I'm not advocating slapdash "do whatever you want" approaches to tournaments. I don't think anyone is accusing the tournaments I listed as being slapdash or made by people who don't care about good quizbowl. There's legitimate praises and complaints for each tournament, certain people like some better than others, and for open tournaments, I'm okay with this happening.
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Re: Chicago Open 2011 Discussion Thread

Post by No Rules Westbrook » Sat Aug 13, 2011 9:20 am

Oh,and I forgot to say...

Ryu Murakami's important! On a scholarly article I read of the 50 most influential works of Japanese literature, he had four entries! Just a note to quizbowl that I didn't write about him cause he has a common last name.
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Re: Chicago Open 2011 Discussion Thread

Post by Magister Ludi » Mon Aug 15, 2011 1:59 pm

I wanted to say that I thought this tournament was truly excellent and cements Westbrook's status as one of the greatest editors in the history of quizbowl. I criticize a lot of tournaments for the editor letting his personal, ideological vision of the game adversely affect the tournament. This problem especially seems to affect the sub-distributions of certain categories and the range of difficulty. But Ryan really got it right and should be commended. This tournament should be held up as a paradigm for all future COs, not as an exact template to copy but rather as a example of how an individual editor melds his aesthetic to the demands of the field to create a tournament that is enjoyable for all types of players.
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Re: Chicago Open 2011 Discussion Thread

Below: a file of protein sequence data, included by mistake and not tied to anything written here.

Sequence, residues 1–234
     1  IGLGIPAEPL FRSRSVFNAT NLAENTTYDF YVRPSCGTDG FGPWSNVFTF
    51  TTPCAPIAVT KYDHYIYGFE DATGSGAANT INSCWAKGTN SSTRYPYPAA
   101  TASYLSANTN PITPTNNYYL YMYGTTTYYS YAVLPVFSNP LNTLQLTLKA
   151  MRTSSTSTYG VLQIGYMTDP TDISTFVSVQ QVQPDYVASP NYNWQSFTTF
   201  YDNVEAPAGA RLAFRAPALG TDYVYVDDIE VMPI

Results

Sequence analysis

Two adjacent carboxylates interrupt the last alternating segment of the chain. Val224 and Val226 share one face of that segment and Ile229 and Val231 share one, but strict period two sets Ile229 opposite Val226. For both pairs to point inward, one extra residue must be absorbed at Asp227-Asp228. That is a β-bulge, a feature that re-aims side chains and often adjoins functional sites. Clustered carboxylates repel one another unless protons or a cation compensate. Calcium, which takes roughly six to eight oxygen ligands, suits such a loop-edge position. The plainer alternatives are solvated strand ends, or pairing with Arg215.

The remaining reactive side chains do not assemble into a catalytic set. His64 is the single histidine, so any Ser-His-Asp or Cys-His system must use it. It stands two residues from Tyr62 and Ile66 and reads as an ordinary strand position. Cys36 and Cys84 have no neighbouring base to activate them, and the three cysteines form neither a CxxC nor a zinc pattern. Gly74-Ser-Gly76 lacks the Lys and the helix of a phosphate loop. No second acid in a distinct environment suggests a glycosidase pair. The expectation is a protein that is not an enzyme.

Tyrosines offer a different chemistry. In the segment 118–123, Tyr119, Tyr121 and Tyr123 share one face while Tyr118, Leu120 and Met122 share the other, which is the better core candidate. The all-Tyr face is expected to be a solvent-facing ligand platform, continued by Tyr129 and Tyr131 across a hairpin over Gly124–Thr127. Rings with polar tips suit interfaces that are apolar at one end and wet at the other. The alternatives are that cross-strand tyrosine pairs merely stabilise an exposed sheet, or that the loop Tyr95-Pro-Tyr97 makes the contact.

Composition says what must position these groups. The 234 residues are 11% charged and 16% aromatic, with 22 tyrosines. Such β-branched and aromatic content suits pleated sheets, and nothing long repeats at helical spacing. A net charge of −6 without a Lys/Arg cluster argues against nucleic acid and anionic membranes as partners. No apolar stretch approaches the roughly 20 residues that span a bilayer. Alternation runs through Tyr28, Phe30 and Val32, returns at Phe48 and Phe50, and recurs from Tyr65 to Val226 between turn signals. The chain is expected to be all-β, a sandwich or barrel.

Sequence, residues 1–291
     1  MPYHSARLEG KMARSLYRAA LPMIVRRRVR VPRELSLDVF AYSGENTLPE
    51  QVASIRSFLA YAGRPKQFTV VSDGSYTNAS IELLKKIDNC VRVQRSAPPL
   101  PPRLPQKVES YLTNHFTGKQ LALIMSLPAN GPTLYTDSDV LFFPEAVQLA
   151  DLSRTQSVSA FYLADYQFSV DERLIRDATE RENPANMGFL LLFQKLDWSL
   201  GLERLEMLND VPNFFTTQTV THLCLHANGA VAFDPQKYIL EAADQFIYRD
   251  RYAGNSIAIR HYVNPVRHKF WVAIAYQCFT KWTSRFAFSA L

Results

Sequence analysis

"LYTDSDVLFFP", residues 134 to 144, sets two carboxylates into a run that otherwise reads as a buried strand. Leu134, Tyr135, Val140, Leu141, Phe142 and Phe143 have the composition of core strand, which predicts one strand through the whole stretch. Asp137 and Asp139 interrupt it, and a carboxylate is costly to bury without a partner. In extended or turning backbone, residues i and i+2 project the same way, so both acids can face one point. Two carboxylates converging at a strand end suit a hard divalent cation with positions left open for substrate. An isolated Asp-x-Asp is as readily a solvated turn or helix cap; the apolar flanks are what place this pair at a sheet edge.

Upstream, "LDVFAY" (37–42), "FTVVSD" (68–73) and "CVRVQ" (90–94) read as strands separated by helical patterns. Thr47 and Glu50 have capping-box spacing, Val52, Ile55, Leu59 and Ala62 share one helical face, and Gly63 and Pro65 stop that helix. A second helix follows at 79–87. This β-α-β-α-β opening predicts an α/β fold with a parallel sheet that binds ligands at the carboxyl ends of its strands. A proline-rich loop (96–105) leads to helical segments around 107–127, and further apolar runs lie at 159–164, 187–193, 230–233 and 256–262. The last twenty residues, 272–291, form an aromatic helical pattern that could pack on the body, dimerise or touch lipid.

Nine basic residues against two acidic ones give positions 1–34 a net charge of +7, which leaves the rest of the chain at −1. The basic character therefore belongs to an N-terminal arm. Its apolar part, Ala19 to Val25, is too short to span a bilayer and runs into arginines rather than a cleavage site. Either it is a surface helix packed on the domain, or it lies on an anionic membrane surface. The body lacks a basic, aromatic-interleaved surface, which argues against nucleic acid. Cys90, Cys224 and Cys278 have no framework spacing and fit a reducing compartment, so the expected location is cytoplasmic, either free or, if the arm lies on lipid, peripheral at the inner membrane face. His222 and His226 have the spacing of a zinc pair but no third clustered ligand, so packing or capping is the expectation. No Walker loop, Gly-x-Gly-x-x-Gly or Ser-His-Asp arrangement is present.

Post by theMoMA » Mon Aug 15, 2011 2:16 pm

Magister Ludi wrote:This tournament should be held up as a paradigm for all future COs, not as an exact template to copy but rather as a example of how an individual editor melds his aesthetic to the demands of the field to create a tournament that is enjoyable for all types of players.
Very well said, and I agree completely. I will add that Ryan's care and work ethic are something we should all strive to emulate. In this age of tournament-eve writing frenzies, this set demonstrates the slow, careful, regular approach needed to produce an outstanding event.
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Re: Chicago Open 2011 Discussion Thread

Post by No Rules Westbrook » Mon Aug 15, 2011 7:24 pm

I like the adjectives slow, careful, and regular...that's the editing approach I've always tried to take.

But, I will say Chicago Open gives you a much better chance to do that than almost any other event. If you attempted to be very slow, careful, and regular with ACF Regionals - you'd either need 12 editors or you'd get 3 packets done. And, if you had 12 editors - regular would never happen anyway, because everyone has their own little differences, and the set tends to turn out very uneven.

Probably more than any other event on the calendar, CO gives the editor a solid amount of workable raw material (much of which needs only tweaking, not overhauling). That allows you a lot more time to be careful, to manually tweak and shuffle things. And, in a lot of ways, it's better than a non-packet submission event - because an entirely editor-written event tends to eventually show biases and preferences, even if you try hard to write against your type or on subjects you don't often pick.
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Re: Chicago Open 2011 Discussion Thread

Post by Mechanical Beasts » Mon Aug 15, 2011 8:19 pm

No Rules Westbrook wrote:regular
bet the burger king don't help
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Re: Chicago Open 2011 Discussion Thread

Post by No Rules Westbrook » Mon Aug 15, 2011 9:27 pm

John McLaughlin: "WRONG! I am regular, thanks to Metamucil!"
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Re: Chicago Open 2011 Discussion Thread

Post by grapesmoker » Tue Aug 16, 2011 12:17 pm

No Rules Westbrook wrote:Probably more than any other event on the calendar, CO gives the editor a solid amount of workable raw material (much of which needs only tweaking, not overhauling).
Maybe things have really changed since last year, but I found that I had to overhaul a lot of stuff submitted for CO.